Do You Need a CDP? And Other Data Mysteries
Datanami's Alex Wood breaks down how to determine whether you need a Customer Data Platform amongst your existing infrastructure.
This article was originally published on datanami.com.
In the mad rush to leverage big data, a multitude of data-oriented systems have been created, from data lakes and warehouses to data hubs, and even fabrics and meshes. For certain types of data opportunities, however, a customer data platform (CDP) may be your best approach to achieving data nirvana.
The CDP is a relatively new concept that has emerged in recent years to streamline the integration, management, and governance of data. But a CDP doesn’t focus on just any type of data–it’s primarily concerned with customer data (as its name would suggest).
Here’s how the Customer Data Platform Institute puts it: “A Customer Data Platform is packaged software that creates a persistent, unified customer database that is accessible to other systems.”
There are three elements that make up a CDP, according to the CDP Institute. First, a CDP is a packaged application that should be relatively easy to deploy and configure; much less so than a data warehouse deployment, it says.
Secondly, a CDP “creates a comprehensive view of each customer by capturing data from multiple systems, linking information related to the same customer, and storing the information to track behavior over time.” This is the heart of the CDP goal, and ties into the third principle which is that CDPs can be used by other system for analytics and to manage customer interactions.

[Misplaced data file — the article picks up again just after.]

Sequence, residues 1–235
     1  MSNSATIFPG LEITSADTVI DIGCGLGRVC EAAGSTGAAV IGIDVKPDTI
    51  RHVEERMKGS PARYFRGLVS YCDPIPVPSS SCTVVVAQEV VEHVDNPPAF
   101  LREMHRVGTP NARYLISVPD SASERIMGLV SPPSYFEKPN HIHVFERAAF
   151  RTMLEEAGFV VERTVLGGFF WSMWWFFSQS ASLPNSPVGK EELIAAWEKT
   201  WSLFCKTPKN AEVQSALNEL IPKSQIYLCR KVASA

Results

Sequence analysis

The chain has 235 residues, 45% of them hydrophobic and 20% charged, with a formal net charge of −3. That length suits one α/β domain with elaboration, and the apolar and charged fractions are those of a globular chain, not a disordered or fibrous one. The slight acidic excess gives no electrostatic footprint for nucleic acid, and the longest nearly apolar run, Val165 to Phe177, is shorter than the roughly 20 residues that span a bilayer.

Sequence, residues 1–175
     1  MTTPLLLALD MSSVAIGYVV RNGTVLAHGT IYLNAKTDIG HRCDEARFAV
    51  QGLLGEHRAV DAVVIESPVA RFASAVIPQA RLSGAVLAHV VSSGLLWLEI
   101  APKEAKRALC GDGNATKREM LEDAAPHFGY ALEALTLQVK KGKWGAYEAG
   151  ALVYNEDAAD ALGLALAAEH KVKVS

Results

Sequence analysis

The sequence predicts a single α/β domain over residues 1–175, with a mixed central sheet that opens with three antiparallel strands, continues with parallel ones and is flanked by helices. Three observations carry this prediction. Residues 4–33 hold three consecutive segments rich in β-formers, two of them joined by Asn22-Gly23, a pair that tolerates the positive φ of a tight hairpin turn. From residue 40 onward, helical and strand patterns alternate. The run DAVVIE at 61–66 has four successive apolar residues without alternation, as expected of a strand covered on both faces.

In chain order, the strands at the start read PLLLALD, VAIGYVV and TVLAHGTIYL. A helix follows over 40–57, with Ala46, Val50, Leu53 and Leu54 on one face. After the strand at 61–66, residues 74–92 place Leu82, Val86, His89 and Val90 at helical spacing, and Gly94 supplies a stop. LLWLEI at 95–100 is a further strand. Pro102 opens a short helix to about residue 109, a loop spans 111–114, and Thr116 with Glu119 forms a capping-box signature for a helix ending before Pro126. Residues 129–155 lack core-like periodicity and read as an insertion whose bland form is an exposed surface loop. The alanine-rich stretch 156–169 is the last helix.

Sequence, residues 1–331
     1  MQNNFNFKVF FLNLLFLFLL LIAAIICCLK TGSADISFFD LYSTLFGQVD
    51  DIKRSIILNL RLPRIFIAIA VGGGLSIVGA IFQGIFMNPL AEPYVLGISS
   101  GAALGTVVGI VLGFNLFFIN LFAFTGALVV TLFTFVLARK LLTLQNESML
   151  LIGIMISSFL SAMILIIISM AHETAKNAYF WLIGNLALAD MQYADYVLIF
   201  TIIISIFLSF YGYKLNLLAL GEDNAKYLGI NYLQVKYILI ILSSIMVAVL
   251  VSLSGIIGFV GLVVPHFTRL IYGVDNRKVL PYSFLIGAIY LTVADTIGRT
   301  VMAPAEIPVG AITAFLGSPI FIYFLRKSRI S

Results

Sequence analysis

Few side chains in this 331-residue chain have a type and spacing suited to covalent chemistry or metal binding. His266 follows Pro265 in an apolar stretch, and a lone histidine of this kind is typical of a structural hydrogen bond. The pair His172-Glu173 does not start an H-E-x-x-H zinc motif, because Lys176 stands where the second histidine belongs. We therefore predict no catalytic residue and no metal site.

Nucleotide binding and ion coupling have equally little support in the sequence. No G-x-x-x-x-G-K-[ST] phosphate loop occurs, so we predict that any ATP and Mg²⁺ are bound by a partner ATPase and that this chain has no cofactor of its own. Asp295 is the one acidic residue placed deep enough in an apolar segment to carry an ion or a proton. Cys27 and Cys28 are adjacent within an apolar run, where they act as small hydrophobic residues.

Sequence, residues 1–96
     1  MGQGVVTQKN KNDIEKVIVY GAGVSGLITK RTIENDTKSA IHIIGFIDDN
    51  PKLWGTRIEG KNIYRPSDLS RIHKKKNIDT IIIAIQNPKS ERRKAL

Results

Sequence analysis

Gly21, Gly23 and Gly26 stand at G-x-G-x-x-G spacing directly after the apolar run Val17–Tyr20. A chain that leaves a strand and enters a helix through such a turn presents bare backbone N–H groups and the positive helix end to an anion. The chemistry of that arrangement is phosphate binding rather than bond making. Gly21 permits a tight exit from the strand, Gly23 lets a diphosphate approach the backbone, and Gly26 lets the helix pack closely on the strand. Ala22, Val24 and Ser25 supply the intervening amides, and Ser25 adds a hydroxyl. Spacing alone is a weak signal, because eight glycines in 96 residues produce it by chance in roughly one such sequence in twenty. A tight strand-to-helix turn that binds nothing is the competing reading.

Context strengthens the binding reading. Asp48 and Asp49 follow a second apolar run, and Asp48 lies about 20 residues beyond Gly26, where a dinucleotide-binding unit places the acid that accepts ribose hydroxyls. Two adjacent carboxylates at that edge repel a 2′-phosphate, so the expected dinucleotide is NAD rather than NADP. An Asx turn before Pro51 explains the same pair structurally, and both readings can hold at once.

According to Chee Chew, the chief product officer of CDP developer mParticle, CDPs provide that “single version of the truth” for customer data. The need for CDPs has grown in recent years, particularly among organizations that have adopted many different SaaS applications, he says.
“If you back up the clock 15 to 20 years, there were more suites of applications, a lot of them on prem. You bought the suite that handled everything for you, and the suite had one data store, so you had access to everything,” Chew tells Datanami.
“But with cloud computing in the modern world, you have these amazing startups up create this innovation on one aspect,” he continues. “Your call center might have Zendesk here and ServiceNow here and a knowledge base there and a CRM. You have five or six systems put together to run your contact center each, of which have their own data store.”
The problem is that Zendesk doesn’t share its data store with ServiceNow, and Salesforce data isn’t available in Snowflake. The data describing any single customer exists in a fragmented way across all of these different systems, making it nearly impossible to get a coherent view of the customer.
“A CPM like us, we return that feeling of one suite of data and one repository,” Chew said. “That’s what we want to do.”
New privacy rules like CCPA and GDPR have upped the ante for CDPs. While some companies may have tried to hack their own CDP by stringing various systems together with ETL scripts and integration code, that approach comes with considerable risk, particularly as the number of systems and the volume of data increase.